The former question is difficult to establish as the groundswell of protesters, much like the George Floyd protests in America in 2020, were diverse and decentralized, calling for broad reform. Many of these reforms had already been proposed by members within the party, centered around Hu Yaobang, who proposed increased elements of democracy in Chinese government, as well as a limitation to the influence of the Communist party over the government. But after Yaobang’s death on April 15, 1989, it became clear that such reform from within was not likely, catalyzing an enormous surge in protests nationwide, centering in Beijing.
(Hu Yaobang, Former party Chairman and General Secretary, second in prominence only to Deng Xiaoping, a reformer whose death by heart attack led to national mourning and protest.)
(The famous April 23rd Editorial in the People’s Daily, titled, “IT IS NECESSARY TO TAKE A CLEAR-CUT STAND AGAINST DISTURBANCES” in response to the protest)
(Protest materials from the New York Public Library’s collection on the Tiananmen Square Protests. The banner at the top center reads: Get down! We are outraged!)
The latter question, how did these protests precipitate, is also complex, but a major contributor was the humble fax machine. Along with pamphlets and word of mouth, faxing was central to the development of a nationwide protest, and a worldwide struggle. When the massacre began too, faxes were used to get the message out amid massive censorship of global media’s access to reporting the events unfolding at the capitol. Faxes were harder to intercept or ‘tap’ than phone calls, and they existed in institutions of higher learning and journalism, which were hubs of the protest communities. Yet as a result of this massive censorship, many elements of the massacre remain unconfirmed and the precise fate of thousands, lost to history.
We are left to use our judgment and imagination filling in the gaps between photographs and film and firsthand accounts, and the pamphlets, banners, and faxes which yet survive. We have included for your consideration a few resources we feel illuminate these events.
(Statue erected by protesters, called the Goddess of Democracy, photo taken around midnight on June 3rd, shortly before its destruction.)
(Protesters defiant as the PLA closes in, early morning June 4th, shortly before violence erupts.)
(Protesters burning APC 003 early June 4)
(Protesters rescuing soldiers from the APC)
The following is a cable from UK intelligence sent on June 5th, 1989 credited to Alan Ewan Donald. This cable is one of many reports that remain unconfirmed, and bears no copyright source information on Wikisource.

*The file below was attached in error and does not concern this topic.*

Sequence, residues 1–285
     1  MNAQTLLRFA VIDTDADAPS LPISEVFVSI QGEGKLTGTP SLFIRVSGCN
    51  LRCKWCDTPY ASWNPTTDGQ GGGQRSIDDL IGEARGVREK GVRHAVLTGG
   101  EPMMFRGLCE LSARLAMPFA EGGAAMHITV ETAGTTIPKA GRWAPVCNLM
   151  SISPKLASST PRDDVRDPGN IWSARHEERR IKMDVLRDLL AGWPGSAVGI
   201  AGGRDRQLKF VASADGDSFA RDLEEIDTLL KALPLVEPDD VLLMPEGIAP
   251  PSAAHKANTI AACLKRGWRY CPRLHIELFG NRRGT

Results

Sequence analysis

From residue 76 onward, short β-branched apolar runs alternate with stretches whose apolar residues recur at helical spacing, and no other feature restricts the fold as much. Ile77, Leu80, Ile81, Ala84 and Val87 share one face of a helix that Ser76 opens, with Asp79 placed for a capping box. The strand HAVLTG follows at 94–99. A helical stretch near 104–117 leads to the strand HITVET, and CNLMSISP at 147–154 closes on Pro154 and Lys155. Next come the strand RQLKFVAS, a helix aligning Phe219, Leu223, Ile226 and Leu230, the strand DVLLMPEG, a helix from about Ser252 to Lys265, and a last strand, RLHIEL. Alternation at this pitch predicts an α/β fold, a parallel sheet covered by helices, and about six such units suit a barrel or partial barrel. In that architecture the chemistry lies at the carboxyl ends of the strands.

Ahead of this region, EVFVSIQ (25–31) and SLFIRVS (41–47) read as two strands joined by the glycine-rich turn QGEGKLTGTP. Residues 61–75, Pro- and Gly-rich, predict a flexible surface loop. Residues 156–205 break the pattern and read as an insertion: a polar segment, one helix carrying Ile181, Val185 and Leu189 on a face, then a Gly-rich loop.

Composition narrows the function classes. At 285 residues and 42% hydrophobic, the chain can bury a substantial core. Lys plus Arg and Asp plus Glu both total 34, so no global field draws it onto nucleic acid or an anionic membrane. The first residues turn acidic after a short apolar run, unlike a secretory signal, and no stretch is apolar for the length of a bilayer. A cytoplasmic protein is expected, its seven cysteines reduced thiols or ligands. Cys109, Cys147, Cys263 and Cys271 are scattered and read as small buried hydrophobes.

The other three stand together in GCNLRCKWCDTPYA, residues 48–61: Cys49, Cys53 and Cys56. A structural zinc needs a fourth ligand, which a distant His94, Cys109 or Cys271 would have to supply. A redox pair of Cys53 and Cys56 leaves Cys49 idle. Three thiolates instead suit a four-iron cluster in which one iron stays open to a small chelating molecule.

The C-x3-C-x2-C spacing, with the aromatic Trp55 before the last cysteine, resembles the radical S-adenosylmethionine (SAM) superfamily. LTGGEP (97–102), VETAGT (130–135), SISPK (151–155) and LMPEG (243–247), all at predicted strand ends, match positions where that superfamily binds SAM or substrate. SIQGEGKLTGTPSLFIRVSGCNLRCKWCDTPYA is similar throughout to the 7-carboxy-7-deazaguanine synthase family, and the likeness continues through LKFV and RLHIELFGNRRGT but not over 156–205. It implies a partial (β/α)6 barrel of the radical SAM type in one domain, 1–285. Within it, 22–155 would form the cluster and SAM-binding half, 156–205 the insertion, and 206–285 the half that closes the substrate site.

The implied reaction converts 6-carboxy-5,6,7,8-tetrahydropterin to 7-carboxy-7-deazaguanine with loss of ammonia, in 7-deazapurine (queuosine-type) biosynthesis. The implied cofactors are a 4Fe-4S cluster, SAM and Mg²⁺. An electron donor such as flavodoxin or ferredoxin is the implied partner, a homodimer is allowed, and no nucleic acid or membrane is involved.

“...3. FACT. ON THE NIGHT OF 3/4 JUNE 27 ARMY WAS TO ATTACK FROM THE WEST WITH OTHER UNITS FROM SHENYANG MR. THE PLAN WAS THAT THE FIRST WAVE (SMR) WOULD ATTACK WITH NO WEAPONS. THE SECOND WAVE (SMR) WOULD ATTACK WITH WEAPONS BUT NO AMMUNITION. THE THIRD WAVE (SMR) WOULD ATTACK AS FOR SECOND WAVE BUT OFFICERS WOULD HAVE LOADED SIDE ARMS TO FRIGHTEN THE CROWD. THE FOURTH WAVE WOULD BE 27 ARMY WITH FULL EQUIPMENT AND AMMUNITION. THE FIRST ATTACKS OCCURRED AT MUCIDI AND SHILIPU. THE FIRST THREE WAVES WERE HELD BY THE DEMONSTRATORS AND SMR TROOPS TRIED TO PUSH BACK THE CROWDS TO LET 27 ARMY THROUGH. THEY FAILED AND 27 ARMY APCS OPENED FIRE ON THE CROWD (BOTH CIVILIANS AND SOLDIERS) BEFORE RUNNING OVER THEM IN THEIR APCS.
4. FACT. THE ENRAGED MASSES FOLLOWED IGNORING M/G FIRE TO NEXT BATTLE AT LIUBUKOU. APCS RAN OVER TROOPS AND CIVILIANS AT 65KPH IN SAME MANNER. ONE APC CRASHED AND DRIVER (A CAPTAIN) GOT OUT AND WAS TAKEN BY CROWD TO HOSPITAL. HE IS NOT DERANGED AND DEMANDS DEATH FOR HIS ATROCITIES.
5. FACT. ON ARRIVAL AT TIANANMEN TROOPS FROM SMR HAD SEPARATED STUDENTS AND RESIDENTS. STUDENTS UNDERSTOOD THEY WERE GIVEN ONE HOUR TO LEAVE SQUARE BUT AFTER FIVE MINUTES APCS ATTACKED. STUDENTS LINKED ARMS BUT WERE MOWN DOWN INCLUDING SOLDIERS. APCS THEN RAN OVER BODIES TIME AND TIME AGAIN TO MAKE QUOTE PIE UNQUOTE AND REMAINS COLLECTED BY BULLDOZER. REMAINS INCINERATED AND THEN HOSED DOWN DRAINS.
6. 27 ARMY ORDERED TO SPARE NOONE AND SHOT WOUNDED SMR SOLDIERS. 4 WOUNDED GIRL STUDENTS BEGGED FOR THEIR LIVES BUT WERE BAYONETED. A 3 YEAR OLD GIRL WAS INJURED BUT HER MOTHER WAS SHOT AS SHE WENT TO HER AID AS WERE SIX OTHERS WHO TRIED. 1000 SURVIVORS WERE TOLD THEY COULD ESCAPE VIA ZHENGYI LU BUT WERE THEN MOWN DOWN BY SPECIALLY PREPARED M/G POSITIONS. ARMY AMBULANCES WHO ATTEMPTED TO GIVE AID WERE SHOT UP AS WAS A SINO-JAPANESE HOSPITAL AMBULANCE. WITH MEDICAL CREW DEAD WOUNDED DRIVER ATTEMPTED TO RAM ATTACKERS BUT WAS BLOWN TO PIECES BY ANTI TANK WEAPON. IN FURTHER ATTACK APCS CAUGHT UP WITH SMR STRAGGLER TRUCKS, RAMMED AND OVERTURNED THEM AND RAN OVER TROOPS. DURING ATTACK 27 ARMY OFFICER SHOT DEAD BY OWN TROOPS APPARENTLY BECAUSE HE FALTERED. TROOPS EXPLAINED THEY WOULD BE SHOT IF THEY HADN'T SHOT OFFICER…”
If you would like to know more, we also recommend this excellent documentary on the tank man by Frontline: https://youtu.be/fHMZmthg-Vk
(Goddess of Democracy in ruins)
(A fatally injured protester with flower.)
(One of many scenes of shrouded bodies.)
(Soldiers burned away wreckage and bodies in the square.)
(Bicycles crushed by tanks)